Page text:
For Americans, Ronald Reagan's speech on South Africa was merely shameful, another instance where the president will have to be rescued from his folly by people who have a firmer grasp on reality.
For the British, it was more distressing. While Americans can expect that the likes of sober-sided Richard G. Lugar, chairman of the Senate Foreign Relations Committee, will produce a law that repudiates the president's specious defense of the fascists in Pretoria, the British have little to look forward to.
The British are facing the elimination of the last shreds of imperial pride. The Commonwealth, a civilized and benign assemblage of ex-colonial nations that often say and do helpful things for the world, is being splintered over sanctions against South Africa.
Prime Minister Margaret Thatcher and Reagan stand alone together, like Greer Garson and Walter Pidgeon in a World War II weeper. Thatcher, at least, is consistent. She has always opposed sanctions. Reagan, on the other hand, slaps them on left-wing offenders. They are "punitive" when contemplated against South Africa. Against Cuba, Libya and Nicaragua, they are simply strong economic measures taken against Marxists.
Thatcher's intransigence, it is said, has caused Her Majesty Queen Elizabeth II to take the unprecedented, and unconstitutional, step of expressing her displeasure at the prospect of presiding over the disintegration of the empire. Quotes and facts are elusive, but it is now part of the dialogue that the queen has told Thatcher she does not wish to be on the spot when the sun finally sets on the remnants.
The distressful prospect of divorce from the glory of empire has been looming during the delectable pomp of the latest royal wedding. The British genius for organization, for felicitous, flawlessly executed detail was in full view as Sarah Ferguson and Prince Andrew, royalty's new fun couple, took their vows in Westminster Abbey.
The queen wore an expression of unrelenting glumness. Perhaps she was belatedly aware of having been done in once again by her milliner. Her Majesty, admirable though she is, has in the matter of fashion an almost actionably flawed judgment. Her ensemble was a particularly mournful shade of blue, topped off with a disastrous hat, a wide-crowned affair with a gratuitous binding of material across the brow that made her look as if her head were bandaged.
Or possibly, she was infected with the tension in her immediate vicinity, the palpable parental anxiety of the prince and princess of Wales, whose son William was making his public debut. British courage is never more evident than in their practice of making small children members of the wedding. The valor of Agincourt was needed to give William, an obstreperous 4-year-old, a role as a page and to launch him down the aisle of the Abbey within kicking distance of the bride's 17-foot train.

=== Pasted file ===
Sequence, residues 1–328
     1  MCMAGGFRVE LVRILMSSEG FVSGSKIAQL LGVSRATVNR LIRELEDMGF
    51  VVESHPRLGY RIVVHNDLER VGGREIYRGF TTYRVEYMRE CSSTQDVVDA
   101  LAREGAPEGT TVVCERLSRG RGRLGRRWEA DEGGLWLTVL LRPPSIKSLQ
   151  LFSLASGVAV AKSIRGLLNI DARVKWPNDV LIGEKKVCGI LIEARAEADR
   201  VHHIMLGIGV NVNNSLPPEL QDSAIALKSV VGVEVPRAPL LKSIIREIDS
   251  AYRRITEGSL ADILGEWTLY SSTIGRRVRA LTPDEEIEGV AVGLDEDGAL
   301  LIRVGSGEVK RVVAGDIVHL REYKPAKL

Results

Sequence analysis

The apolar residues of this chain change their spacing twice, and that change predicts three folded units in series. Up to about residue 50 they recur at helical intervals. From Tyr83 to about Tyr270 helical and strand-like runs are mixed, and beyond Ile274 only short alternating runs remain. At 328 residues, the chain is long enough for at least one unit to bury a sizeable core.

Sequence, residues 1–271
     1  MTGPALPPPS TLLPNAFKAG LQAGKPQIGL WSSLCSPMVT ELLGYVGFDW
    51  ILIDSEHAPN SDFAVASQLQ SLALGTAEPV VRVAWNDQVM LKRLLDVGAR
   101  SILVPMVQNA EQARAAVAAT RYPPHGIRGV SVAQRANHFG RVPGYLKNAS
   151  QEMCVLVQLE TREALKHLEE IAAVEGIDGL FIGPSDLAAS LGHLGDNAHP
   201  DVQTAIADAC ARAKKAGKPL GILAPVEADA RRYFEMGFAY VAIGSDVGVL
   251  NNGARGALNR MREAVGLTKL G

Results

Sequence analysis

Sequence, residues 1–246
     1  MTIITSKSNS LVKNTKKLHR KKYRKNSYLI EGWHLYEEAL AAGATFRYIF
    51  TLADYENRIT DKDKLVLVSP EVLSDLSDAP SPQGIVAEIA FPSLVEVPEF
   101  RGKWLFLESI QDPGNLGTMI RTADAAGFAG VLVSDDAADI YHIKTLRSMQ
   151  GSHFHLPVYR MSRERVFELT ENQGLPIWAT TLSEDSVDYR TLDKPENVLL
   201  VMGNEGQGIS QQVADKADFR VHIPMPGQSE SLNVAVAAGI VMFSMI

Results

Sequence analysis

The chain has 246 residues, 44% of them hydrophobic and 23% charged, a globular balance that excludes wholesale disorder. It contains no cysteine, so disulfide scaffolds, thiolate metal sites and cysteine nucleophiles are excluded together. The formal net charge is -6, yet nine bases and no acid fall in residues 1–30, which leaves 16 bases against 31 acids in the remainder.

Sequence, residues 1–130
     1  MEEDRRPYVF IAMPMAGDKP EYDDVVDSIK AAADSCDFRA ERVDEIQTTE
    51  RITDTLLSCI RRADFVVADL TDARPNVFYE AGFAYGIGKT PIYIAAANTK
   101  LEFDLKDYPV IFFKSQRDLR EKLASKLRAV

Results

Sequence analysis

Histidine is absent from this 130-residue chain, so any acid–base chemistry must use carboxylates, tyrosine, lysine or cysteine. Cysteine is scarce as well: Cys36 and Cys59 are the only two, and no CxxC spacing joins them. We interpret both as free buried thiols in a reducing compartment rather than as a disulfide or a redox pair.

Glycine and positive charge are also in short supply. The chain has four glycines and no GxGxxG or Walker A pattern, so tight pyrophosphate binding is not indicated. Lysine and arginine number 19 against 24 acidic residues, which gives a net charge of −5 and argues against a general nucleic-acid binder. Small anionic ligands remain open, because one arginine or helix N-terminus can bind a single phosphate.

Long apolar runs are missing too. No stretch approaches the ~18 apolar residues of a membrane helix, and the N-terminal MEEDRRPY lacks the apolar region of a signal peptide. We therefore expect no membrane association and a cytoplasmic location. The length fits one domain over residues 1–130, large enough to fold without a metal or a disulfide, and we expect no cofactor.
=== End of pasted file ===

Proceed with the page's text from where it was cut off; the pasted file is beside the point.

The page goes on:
Thatcher was also in the Abbey, looking pensive. She is said to be entirely comfortable in the storm she has created. She shares fully in Reagan's belief that the government of P.W. Botha is making progress in ending apartheid. Like him, she thinks that withholding the judgment implicit in sanctions is an act of high morality, based on an aching concern that South African blacks, rendered jobless, would suffer more than they have under the whips and chains of their oppressors.
Bishop Desmond Tutu made an appropriate response to the president's silly restatement of "constructive engagement." It was "nauseating," he said. Capitol Hill said "amen" in less vehement terms.
For Reagan, the South African crisis is the Philippines revisited. Again, he gave us the egregious "evenhandedness" of his utterance about the Philippine election, in which he said both sides cheated. In South Africa, he said, blacks must share the blame for the violence that is engulfing their country. They should be patient. At least those who are beating, jailing and torturing them are not Marxists.
Thatcher recently put her objection to a stand against the fascists in Pretoria on humanitarian grounds.
But in the end she gave the argument that always carries with her and Reagan, the red menace. Strategic materials, she said, are available from South Africa or the Soviet Union. "To me, it is utterly absurd that people should be prepared to put increasing power into the hands of the Soviet Union on the grounds they disapprove of apartheid in South Africa," she said.
There you have it, an expression from one of the two last leaders in the world who will risk anything in the way of opprobrium -- and disintegration -- to close a "window" for communism in a country where fascism has long since come through the door.